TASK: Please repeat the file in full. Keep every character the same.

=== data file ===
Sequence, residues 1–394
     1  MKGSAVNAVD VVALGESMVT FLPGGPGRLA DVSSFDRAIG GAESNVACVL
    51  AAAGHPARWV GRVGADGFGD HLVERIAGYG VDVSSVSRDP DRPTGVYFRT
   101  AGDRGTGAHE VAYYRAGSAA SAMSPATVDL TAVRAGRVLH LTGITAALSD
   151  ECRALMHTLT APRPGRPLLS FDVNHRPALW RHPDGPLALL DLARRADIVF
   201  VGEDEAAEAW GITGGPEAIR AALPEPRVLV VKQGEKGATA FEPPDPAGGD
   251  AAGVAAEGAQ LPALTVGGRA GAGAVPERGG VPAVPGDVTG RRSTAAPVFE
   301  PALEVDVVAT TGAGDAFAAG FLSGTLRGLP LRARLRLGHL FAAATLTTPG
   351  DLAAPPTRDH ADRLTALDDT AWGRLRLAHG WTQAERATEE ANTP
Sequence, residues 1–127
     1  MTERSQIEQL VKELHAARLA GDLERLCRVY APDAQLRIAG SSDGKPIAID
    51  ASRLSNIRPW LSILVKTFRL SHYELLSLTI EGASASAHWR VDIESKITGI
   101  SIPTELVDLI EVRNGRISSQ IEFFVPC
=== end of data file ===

Sequence, residues 1–394
     1  MKGSAVNAVD VVALGESMVT FLPGGPGRLA DVSSFDRAIG GAESNVACVL
    51  AAAGHPARWV GRVGADGFGD HLVERIAGYG VDVSSVSRDP DRPTGVYFRT
   101  AGDRGTGAHE VAYYRAGSAA SAMSPATVDL TAVRAGRVLH LTGITAALSD
   151  ECRALMHTLT APRPGRPLLS FDVNHRPALW RHPDGPLALL DLARRADIVF
   201  VGEDEAAEAW GITGGPEAIR AALPEPRVLV VKQGEKGATA FEPPDPAGGD
   251  AAGVAAEGAQ LPALTVGGRA GAGAVPERGG VPAVPGDVTG RRSTAAPVFE
   301  PALEVDVVAT TGAGDAFAAG FLSGTLRGLP LRARLRLGHL FAAATLTTPG
   351  DLAAPPTRDH ADRLTALDDT AWGRLRLAHG WTQAERATEE ANTP
Sequence, residues 1–127
     1  MTERSQIEQL VKELHAARLA GDLERLCRVY APDAQLRIAG SSDGKPIAID
    51  ASRLSNIRPW LSILVKTFRL SHYELLSLTI EGASASAHWR VDIESKITGI
   101  SIPTELVDLI EVRNGRISSQ IEFFVPC